National

Taiji Whale Museum quits aquarium body over dolphin hunt ban

Kyodo

The whale museum in the town of Taiji, Wakayama Prefecture, has withdrawn from the national aquarium industry body in protest at its ban on accepting dolphins captured in drive hunts, museum officials said Tuesday.

The Taiji Whale Museum, which keeps around 40 live dolphins and small whales, submitted the notice of withdrawal Friday to the Japanese Association of Zoos and Aquariums (JAZA), the officials said.

JAZA had requested the move after the museum defied the ban and filed a dolphin purchase order with local fishermen.

The annual hunts in Taiji are notorious for turning the sea red with blood. Fishermen drive dolphins and other small cetaceans into a bay, where they are caught or slaughtered. The hunting method has sparked criticism in Japan and abroad.

The season for Taiji drive hunting, which is approved by the Wakayama Prefectural Government, started Sept. 1 with an annual quota set by the national government.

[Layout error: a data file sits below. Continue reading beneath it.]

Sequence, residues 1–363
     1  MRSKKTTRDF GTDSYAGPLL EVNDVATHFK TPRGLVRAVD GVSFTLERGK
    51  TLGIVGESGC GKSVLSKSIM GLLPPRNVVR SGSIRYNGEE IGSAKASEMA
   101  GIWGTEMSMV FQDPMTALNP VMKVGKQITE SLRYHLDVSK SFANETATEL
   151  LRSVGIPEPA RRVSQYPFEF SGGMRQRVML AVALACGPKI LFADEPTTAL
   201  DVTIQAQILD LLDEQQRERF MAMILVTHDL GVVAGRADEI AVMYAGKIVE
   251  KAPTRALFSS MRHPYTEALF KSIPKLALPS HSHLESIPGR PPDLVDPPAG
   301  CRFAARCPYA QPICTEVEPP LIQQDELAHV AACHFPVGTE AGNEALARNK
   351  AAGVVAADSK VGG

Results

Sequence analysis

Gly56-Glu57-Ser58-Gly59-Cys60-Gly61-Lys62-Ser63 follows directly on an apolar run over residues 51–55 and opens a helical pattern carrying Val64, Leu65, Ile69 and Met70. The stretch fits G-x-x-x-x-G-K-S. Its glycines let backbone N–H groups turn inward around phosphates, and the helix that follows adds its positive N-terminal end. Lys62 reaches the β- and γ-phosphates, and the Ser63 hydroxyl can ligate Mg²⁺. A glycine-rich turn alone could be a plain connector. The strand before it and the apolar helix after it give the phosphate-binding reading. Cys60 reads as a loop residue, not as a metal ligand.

Although no catches have taken place so far this year, the museum has placed a dolphin purchase order to the Taiji fisheries association. That in itself led JAZA to ask the museum to withdraw from the group.

“We couldn’t narrow our differences,” said Kensho Nagai, a senior JAZA official. “It’s been some 40 years since the whale museum joined us, and we have worked together for the development of aquariums. It’s very regrettable.”

The museum said it will continue to obtain dolphins caught by drive hunts.

“We maintain our position that (the drive hunts) are conducted appropriately,” said Tetsuo Kirihata, deputy chief of the museum.

The ban was imposed after the World Association of Zoos and Aquariums threatened to expel JAZA from the worldwide body.